In 1991, the Republican Senator from Pennsylvania, John Heinz (Theresa Heinz Kerry's first husband) and six other people were killed when a helicopter collided with Heinz's plane over a schoolyard in Merion, Pa.
In 1984, Bob Bell retired as Bozo the Clown on WGN-TV in Chicago after 24 years.
In 1983, the space shuttle Challenger was launched for the first time.
In 1974, Hank Aaron of the Atlanta Braves tied Babe Ruth's career home run record by hitting his 714th round-tripper in Cincinnati.
In 1968, Martin Luther King Jr., is assassinated in Memphis, Tenn.
In 1967, Johnny Carson quit "The Tonight Show." He returned three weeks later after getting a raise of $30,000 a week.
In 1965, actor/singer Robert Downey, Jr., was born.
In 1964, the Beatles held the top five spots on Billboard's Hot 100 ("Can't Buy Me Love," "Twist and Shout," "She Loves You," "I Want to Hold Your Hand," "Please Please Me"), setting an all-time record. They also had the number one album.
The Beatles perform 'Twist and Shout' at the London Palladium, November, 1963
In 1963, Jason Robards, Sr., stage and screen actor and father of Jason Robards, Jr., died in Sherman Oaks, California.
In 1956, David E. Kelley (husband of Michelle Pfeiffer; writer and producer of such television programs as L.A. Law, Doogie Howser, M.D., Picket Fences, Chicago Hope, The Practice, Ally McBeal, Boston Legal) was born.
In 1949, NATO was formed by 12 western democratic nations, including the United States and Great Britain, to safeguard against Soviet aggression. [Guardian Unlimited, Special Report: NATO]
In 1932, Vitamin C was first isolated by C.C. King at the University of Pittsburgh.
In 1928, Maya Angelou was born.
In 1902, British financier Cecil Rhodes left $10 million in his will to provide scholarships for Americans at Oxford University in England.
In 1887, Susanna Medora Salter became the first woman elected mayor of an American community (Argonia, Kansas).
In 1872 in Vienna, Franz Sacher, a 16-year old apprentice chef, came up with a recipe for chocolate cake which bears his name - Sachertorte. It's a rich chocolate cake and is big business for Vienna. The recipe of the Original Sacher Torte is a well-kept secret to this day, protected by copyright, but it is served in the Hotel Sacher Wien (purely organic ingredients, contains no preservatives), can be ordered and shipped anywhere in the world.
"The Original Sacher-Torte tastes best with unsweetened cream and a cup of Original Sacher Café or tea!"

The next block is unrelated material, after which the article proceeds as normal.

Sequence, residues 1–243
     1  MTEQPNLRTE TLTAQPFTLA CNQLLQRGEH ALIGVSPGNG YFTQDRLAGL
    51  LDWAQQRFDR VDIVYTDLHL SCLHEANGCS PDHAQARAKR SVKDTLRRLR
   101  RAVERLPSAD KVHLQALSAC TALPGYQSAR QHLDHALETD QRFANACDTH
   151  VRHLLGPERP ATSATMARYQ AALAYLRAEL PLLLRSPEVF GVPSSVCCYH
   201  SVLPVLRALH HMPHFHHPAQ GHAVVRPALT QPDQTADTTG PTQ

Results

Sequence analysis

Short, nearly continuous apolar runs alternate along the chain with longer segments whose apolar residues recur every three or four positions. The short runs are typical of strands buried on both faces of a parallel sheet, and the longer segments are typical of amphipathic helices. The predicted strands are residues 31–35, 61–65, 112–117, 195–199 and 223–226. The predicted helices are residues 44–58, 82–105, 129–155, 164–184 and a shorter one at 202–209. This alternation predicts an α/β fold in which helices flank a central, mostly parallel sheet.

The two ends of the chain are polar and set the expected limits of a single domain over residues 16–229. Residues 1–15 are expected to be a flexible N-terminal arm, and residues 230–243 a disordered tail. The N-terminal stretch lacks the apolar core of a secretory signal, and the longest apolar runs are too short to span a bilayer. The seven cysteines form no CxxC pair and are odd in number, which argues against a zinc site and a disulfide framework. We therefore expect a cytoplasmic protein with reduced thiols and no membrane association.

In 1850 The city of Los Angeles was incorporated, the same year that California was admitted to the United States.
In 1841, President William Henry Harrison died of pneumonia one month after his inauguration, becoming the first U.S. president to die in office.
In 1818, Congress decided the U.S. flag would consist of 13 red and white stripes and 20 stars, with a new star to be added for every new state.
In 1802, Dorothea Dix, activist on behalf of the indigent insane who, through a vigorous program of lobbying state legislatures and the United States Congress, created the first generation of American mental asylums, was born in Maine.
In 1648, Grinling Gibbons (master wood carver to King George 1, employed by Sir Christopher Wren to work on St. Paul's Cathedral and other churches around England) was born.
Choir stalls carved by Grinling Gibbons, St. Paul's Cathedral, London
Ends of the bookcases sport intricate carvings by Grinling Gibbons in the lighter limewood. The Wren Library, Cambridge [Explore St. Paul's Cathedral - virtual tour]
In 1581, English navigator Francis Drake returned home after sailing around the world, and was knighted by Queen Elizabeth I.
Drake presented Queen Elizabeth with his diary of the voyage and a map of the world. The original map was lost in a fire but several copies were made. Shown above is the Hondius Map held by University of California-Berkeley's Bancroft Library. [Note the four corners of the map with illustrations of important events that ocurred during the voyage. See Sir Francis Drake History on the Internet for a detailed view.]